In the past, people relied hedgerows to find healthy seasonal food all for free. Fruits like apples and pears, berries and nuts are all tasty food sources. These bounties can also be preserved to last over the winter, when other food sources may be scarce.

The Hedgerow Harvest project run by the Tree Council, seeks to reconnect people to this heritage of free local healthy food.

Have you been out harvesting from our hedgerows? We would love to hear about your foraging! The Tree council website has some good advice if you want to give it a go! Blackberries are one of the easiest berries to spot, and are full of vitamins and fibre. A cup of blackberries has half the recommended amount of Vitamin C.

If you are foraging your hedgerows, we would love to hear from you.

One of my favourite Christmas presents is a bottle of sloe gin to celebrate with! A little bird gave me her favourite recipe!

Sloe Gin:

500g ripe sloes
250g golden caster sugar
1 litre gin

Wash, rinse and dry the sloes in a clean cloth. Using a cocktail stick prick a hole in each sloe, and tip into a large jar (or divide between smaller jars). Add the sugar and bottle of gin, and seal the jars. Shake the jars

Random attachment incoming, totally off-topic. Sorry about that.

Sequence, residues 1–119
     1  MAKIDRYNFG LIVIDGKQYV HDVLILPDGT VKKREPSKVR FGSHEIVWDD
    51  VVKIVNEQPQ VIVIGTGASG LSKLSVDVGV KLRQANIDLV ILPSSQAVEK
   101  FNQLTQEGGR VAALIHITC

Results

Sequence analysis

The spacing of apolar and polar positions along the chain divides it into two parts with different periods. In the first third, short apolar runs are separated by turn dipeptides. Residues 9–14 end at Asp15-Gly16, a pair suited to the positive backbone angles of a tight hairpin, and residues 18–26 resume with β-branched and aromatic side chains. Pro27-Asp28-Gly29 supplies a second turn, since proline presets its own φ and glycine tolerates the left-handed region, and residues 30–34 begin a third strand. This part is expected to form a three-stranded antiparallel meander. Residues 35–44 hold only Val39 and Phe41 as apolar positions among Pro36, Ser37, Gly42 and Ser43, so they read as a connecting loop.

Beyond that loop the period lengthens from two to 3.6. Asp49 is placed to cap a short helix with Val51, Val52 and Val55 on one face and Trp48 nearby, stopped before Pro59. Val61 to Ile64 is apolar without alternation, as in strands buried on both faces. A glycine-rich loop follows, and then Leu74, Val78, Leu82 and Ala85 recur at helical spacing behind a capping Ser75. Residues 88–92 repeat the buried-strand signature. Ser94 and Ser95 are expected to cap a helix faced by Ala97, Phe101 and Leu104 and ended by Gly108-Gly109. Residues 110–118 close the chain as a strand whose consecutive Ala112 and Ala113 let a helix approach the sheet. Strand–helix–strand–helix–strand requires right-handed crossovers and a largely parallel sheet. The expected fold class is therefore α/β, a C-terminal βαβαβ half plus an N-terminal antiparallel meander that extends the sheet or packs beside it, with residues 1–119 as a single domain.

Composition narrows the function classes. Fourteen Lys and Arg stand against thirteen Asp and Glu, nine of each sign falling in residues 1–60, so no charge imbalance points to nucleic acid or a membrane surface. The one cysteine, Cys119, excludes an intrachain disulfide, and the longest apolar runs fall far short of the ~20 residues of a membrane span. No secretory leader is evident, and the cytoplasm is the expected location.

Every day for a week, give the jars another good shake

Store the jar in a cool, dark place and leave for two to three months.

Strain the gin through muslin squares and decant into clean dry bottles.

It will be even better if you leave it to mature for a while!

In our facebook group, Donna from Seaford told us she had been making crab apple and blackberry jam and fruit leather, crab apple jelly, elderberry syrup, dehydrated elderberries, rose hip syrup, Haw sauce, and was even searching for conkers to make washing liquid! She had also made plantain balm, and self-heal balm, and had dehydrated nettle tops and crushed them to a powder to add to cooking etc. Wow she has certainly been busy!

Here she shares some of her tips:

“I don’t really measure anything….. just go by eye! The rose hip syrup though was a raw one – sugar in the bottom of the jar then a layer each of rose hips and then sugar all the way to the top, finishing with sugar. Seal and leave in a warm sunny sill/airing cupboard or warm car boot. Leave it for a few weeks and then strain

Elderberry syrup is one cup berries to two cups of water roughly (I sometimes add more water to make it go further) add fresh ginger and cinnamon stick and a couple of cloves to the boil, strain and simmer in the pan with sugar.”

Do get outside, and see what you can find! We would love to hear all about it!